Setting goals and deadlines helps to soothe my type-a soul. As I work toward a specific goal (X number of words or pages revised), I feel like I’m making progress–even if they’re small steps. This sense of control over my situation creates a warm blanket of security in a highly subjective industry. In the query trenches, there is no such comfort.

I know a lot of writers feel this strain. I also know that, if I were to get an agent, there is only more waiting in my future when it’s time to go out on submission. Since I’ve not been down that road (yet!), I can’t speak to how that feels. I only know where I’m at, and where I am right now is staring at my inbox. Hitting refresh.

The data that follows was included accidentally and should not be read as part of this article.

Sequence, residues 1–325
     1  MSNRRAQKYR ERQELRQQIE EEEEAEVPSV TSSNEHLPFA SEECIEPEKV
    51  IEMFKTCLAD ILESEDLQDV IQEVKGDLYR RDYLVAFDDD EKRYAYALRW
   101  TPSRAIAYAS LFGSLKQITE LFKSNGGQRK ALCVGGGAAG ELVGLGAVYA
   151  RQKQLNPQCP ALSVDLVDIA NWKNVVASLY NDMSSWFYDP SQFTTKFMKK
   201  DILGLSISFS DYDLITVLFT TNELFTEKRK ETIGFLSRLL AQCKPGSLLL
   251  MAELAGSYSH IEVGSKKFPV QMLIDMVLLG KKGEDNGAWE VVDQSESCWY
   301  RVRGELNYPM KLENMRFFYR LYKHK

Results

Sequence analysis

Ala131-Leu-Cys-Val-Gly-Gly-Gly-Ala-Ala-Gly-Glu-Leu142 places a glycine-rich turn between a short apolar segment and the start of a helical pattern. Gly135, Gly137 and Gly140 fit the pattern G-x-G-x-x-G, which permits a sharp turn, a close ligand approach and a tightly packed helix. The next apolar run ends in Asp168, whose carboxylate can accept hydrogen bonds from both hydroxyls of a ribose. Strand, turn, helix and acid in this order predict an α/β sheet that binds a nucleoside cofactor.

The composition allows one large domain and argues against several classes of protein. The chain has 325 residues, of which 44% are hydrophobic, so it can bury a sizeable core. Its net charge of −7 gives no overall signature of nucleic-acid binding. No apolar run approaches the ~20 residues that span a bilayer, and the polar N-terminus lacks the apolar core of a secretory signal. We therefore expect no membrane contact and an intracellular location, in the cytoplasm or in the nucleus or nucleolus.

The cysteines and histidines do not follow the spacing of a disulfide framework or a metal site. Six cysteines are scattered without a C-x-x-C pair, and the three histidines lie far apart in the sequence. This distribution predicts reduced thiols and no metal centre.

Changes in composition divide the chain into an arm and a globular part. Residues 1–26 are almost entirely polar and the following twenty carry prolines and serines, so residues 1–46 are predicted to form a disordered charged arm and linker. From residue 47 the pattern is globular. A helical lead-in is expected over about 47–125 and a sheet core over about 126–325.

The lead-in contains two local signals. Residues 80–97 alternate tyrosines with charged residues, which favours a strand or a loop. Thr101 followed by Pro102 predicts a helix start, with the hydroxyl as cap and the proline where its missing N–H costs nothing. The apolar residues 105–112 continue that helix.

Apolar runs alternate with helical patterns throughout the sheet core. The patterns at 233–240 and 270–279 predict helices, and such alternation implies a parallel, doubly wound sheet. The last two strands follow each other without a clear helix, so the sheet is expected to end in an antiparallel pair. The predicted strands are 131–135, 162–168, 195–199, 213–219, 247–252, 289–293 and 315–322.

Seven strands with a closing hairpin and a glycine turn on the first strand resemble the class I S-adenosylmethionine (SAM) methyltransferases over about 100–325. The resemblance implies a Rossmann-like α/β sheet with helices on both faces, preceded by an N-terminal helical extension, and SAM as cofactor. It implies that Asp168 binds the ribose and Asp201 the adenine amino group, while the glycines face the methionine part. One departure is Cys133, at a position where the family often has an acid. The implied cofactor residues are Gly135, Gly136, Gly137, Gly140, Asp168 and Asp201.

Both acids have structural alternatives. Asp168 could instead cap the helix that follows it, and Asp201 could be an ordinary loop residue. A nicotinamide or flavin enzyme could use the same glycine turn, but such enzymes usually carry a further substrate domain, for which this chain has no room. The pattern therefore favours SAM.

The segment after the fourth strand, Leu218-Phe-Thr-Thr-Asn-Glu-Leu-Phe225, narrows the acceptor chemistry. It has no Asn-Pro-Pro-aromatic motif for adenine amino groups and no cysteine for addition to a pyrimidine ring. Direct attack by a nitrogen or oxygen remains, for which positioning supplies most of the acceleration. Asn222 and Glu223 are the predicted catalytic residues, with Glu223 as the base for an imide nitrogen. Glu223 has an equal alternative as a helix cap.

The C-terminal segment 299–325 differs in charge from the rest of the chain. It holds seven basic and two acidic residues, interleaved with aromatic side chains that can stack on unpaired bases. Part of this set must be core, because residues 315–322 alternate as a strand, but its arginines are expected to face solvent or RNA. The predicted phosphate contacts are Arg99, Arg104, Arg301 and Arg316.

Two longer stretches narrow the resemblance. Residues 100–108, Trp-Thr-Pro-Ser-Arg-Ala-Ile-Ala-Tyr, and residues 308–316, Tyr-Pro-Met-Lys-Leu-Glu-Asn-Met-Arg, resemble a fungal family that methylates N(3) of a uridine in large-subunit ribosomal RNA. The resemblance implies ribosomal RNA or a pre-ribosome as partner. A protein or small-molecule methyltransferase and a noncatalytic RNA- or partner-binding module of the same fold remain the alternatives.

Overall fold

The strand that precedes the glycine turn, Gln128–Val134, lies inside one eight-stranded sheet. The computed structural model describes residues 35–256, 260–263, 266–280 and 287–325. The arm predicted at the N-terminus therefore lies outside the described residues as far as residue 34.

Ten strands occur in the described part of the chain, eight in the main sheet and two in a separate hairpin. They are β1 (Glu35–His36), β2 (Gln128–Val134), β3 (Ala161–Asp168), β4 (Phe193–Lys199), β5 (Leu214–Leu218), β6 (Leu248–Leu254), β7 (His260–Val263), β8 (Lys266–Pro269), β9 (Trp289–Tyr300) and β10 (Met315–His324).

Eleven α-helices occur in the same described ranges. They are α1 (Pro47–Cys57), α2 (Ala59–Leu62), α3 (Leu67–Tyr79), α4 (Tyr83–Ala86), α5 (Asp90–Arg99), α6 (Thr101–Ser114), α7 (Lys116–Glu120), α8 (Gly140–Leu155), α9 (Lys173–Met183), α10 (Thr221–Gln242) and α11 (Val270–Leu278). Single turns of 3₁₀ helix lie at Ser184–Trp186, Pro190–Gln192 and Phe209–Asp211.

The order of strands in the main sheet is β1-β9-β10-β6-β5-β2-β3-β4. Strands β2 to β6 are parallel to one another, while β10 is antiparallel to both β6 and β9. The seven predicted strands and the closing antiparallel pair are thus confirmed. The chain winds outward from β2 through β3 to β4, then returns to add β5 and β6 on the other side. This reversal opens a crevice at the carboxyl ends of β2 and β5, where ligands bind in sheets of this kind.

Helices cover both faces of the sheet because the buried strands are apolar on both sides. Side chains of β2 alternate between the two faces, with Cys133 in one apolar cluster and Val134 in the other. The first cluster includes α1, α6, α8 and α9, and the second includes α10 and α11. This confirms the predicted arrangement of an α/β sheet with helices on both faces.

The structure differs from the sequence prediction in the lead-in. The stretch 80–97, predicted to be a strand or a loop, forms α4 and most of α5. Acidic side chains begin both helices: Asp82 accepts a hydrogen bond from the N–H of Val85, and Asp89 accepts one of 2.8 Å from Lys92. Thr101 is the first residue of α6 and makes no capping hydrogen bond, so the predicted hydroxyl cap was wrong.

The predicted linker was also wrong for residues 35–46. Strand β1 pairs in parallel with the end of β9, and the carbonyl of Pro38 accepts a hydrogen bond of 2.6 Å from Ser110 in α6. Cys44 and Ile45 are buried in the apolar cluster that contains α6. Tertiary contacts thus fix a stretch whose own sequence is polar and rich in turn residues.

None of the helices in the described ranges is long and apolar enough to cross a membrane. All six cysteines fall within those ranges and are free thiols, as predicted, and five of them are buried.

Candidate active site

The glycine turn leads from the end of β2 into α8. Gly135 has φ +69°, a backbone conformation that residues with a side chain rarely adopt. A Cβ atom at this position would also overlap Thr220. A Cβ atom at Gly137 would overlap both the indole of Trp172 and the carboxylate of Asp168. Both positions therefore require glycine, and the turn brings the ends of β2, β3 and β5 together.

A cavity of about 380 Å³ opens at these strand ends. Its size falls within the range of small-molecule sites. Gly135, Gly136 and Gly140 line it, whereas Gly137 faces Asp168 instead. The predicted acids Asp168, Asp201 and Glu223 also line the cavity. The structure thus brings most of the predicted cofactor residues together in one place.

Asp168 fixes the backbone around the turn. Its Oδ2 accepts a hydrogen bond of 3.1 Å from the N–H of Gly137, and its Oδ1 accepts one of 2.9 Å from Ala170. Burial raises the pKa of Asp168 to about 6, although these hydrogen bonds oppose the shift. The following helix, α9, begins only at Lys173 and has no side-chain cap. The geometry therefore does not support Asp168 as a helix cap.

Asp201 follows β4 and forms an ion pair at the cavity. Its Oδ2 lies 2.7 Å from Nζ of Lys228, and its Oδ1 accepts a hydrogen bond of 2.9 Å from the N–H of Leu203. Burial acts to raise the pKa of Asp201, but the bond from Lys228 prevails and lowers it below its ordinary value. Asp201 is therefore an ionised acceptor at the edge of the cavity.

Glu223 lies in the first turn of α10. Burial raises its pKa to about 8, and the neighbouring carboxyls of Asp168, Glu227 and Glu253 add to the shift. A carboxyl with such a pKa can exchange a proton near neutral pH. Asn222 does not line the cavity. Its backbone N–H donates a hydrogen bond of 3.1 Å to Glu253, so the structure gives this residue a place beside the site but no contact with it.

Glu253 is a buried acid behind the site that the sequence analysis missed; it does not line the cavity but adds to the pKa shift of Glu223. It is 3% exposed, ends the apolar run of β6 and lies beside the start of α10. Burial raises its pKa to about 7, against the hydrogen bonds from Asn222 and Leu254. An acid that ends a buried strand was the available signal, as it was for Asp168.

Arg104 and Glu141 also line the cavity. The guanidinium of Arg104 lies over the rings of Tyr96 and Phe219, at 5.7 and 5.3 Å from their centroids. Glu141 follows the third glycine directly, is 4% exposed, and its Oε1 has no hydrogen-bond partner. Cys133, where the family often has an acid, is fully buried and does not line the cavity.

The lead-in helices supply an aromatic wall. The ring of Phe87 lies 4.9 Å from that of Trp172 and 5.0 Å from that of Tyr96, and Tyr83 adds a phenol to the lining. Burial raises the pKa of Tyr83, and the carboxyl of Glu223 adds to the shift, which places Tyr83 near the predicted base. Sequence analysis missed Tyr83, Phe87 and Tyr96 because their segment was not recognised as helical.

Any ideas to make the waiting easier? I’ve been distracting myself with a new project, and so far that’s been the only thing to keep my attention away from my gmail.